By James Tillman

HOUSTON, TX, November 13, 2009 (—The American Medical Association (AMA), finishing its four-day biannual meeting in Houston, adopted a resolution saying that bans on same-sex “marriage” contribute to health care inequalities. They also adopted another resolution calling for a repeal of the military's “Don't Ask, Don't Tell” (DADT) policy, saying that it is detrimental to the health of homosexuals in the military.

Rea Carey, executive director of the National Gay and Lesbian Task Force, lauded the measures as “making it clear that these discriminatory policies pose significant, real-life threats to the health and well-being of thousands and thousands of people across the country.”

The first of the two resolutions argues that “exclusion from civil marriage contributes to health care disparities,” including disparities among the children cared for by single-sex “partners.”  As AMA board member Dr. Peter Carmel summarized, married couples are more likely to have health insurance, and without health insurance one has a higher risk of “living sicker and dying younger.”

The resolution therefore supports measures providing “same-sex households with the same rights and privileges to health care, health insurance, and survivor benefits, as afforded opposite-sex households.”

According to Jenny Tyree of Focus on the Family, however, the AMA's argument has the issue exactly backwards.

“We all know there are problems with health care,” she said, “so let's solve the problem of the uninsured, rather than messing with marriage.”

The other AMA resolution argues against the DADT policy, under which military recruits will not be asked about their sexual orientation, and homosexuals may serve in the military so long as they keep their inclinations secret. The AMA argued that the policy violates doctor-patient confidentiality and that it could have a “chilling effect” on the relationship between doctor and patient, because a patient could be discharged if he revealed his behavior to his doctor.  And, as another AMA resolution states, “the patient's reluctance to report his or her sexual orientation and behavior can lead to failure to screen, diagnose, or treat important medical problems.”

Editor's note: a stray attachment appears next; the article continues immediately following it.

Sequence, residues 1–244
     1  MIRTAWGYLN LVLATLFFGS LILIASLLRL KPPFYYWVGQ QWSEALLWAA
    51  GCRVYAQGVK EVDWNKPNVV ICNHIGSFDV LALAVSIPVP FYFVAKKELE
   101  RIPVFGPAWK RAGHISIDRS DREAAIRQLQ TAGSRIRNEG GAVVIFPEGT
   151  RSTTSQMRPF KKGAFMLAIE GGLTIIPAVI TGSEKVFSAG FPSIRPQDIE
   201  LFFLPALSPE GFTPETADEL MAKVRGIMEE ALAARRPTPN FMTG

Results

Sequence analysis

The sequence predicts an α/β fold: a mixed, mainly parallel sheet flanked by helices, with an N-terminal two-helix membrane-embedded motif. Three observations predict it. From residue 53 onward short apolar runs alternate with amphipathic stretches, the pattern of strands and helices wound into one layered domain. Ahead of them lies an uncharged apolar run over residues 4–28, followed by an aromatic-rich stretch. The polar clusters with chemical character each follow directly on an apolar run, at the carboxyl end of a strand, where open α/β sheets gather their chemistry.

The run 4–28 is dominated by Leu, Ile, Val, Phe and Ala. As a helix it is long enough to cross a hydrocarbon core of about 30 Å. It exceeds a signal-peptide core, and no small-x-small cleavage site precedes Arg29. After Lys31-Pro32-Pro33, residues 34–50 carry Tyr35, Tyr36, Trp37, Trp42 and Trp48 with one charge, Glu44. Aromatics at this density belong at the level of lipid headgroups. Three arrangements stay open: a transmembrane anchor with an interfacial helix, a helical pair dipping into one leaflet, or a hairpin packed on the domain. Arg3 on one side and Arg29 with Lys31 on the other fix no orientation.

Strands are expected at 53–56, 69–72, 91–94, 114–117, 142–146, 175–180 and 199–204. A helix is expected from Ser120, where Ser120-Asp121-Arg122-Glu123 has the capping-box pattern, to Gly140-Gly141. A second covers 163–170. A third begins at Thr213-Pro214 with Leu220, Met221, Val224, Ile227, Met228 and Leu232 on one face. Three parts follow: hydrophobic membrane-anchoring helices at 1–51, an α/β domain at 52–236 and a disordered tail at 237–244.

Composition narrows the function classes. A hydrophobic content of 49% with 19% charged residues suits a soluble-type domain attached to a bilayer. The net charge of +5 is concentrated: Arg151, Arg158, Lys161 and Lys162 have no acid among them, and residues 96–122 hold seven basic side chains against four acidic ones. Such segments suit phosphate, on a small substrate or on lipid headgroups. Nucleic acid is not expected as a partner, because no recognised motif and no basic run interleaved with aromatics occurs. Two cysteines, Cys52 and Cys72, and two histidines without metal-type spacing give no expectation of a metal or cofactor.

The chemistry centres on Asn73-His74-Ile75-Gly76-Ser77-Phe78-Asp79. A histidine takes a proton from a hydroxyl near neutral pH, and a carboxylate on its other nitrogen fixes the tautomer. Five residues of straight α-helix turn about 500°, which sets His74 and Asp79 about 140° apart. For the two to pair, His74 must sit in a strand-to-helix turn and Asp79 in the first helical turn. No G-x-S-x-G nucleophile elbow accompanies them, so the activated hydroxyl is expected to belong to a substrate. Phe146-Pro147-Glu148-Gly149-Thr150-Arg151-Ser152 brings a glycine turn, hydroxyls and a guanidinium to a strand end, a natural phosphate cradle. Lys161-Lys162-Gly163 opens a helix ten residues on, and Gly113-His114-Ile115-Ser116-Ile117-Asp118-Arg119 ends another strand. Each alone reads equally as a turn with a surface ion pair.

The AMA passed the above resolution at the same time that the White House has confirmed its support of legislation removing the ban on gays serving in the military. Alexander Nicholson, executive director of the homosexualist Servicemembers United, welcomed the AMA's resolution as “yet another nail in the coffin of the flawed and outdated 'Don't Ask, Don't Tell,' law.”

He continued: “It should send a strong message to those who continue to blindly claim that this policy works.”

Nevertheless, Elaine Donnelly, president of the Center for Military Readiness, said that the AMA's confidentiality concerns have nothing to do with the actual 1993 law, which simply confirms a ban keeping homosexuals from serving in the military.

“The first thing that they [the AMA] ought to have done is read the actual statute,” she told OneNewsNow, “and then maybe they would have figured out what their position should be. The second mistake they made was they consulted only with the advocates of gays in the military. It would have made a lot more sense to get balanced information.”

According to Donnelly, that's not the only reason why the AMA should not have issued this resolution.

“An organization that concerns itself with health matters should know that introducing into the military people who are at high risk of HIV infection makes no sense,” she said. “For the AMA to ignore all that and listen only to an advocacy group that's looking at only part of the story really reflects very poorly on the credibility of that organization.”

During the same meeting in Houston the AMA also continued its support for President Obama's health-care reform plan and adopted a measure urging a review of marijuana's status as a controlled substance.

The influence of the AMA within the medical profession has dramatically declined in recent years because of its activist policies. In 1962, membership in the AMA peaked at 70 percent of physicians. A July 23 2009 article in the Lund Report stated “the AMA (now) only reflects, at best, one-fourth of all doctors practicing in the United States. (921,000 physicians: 236,000 AMA members).”

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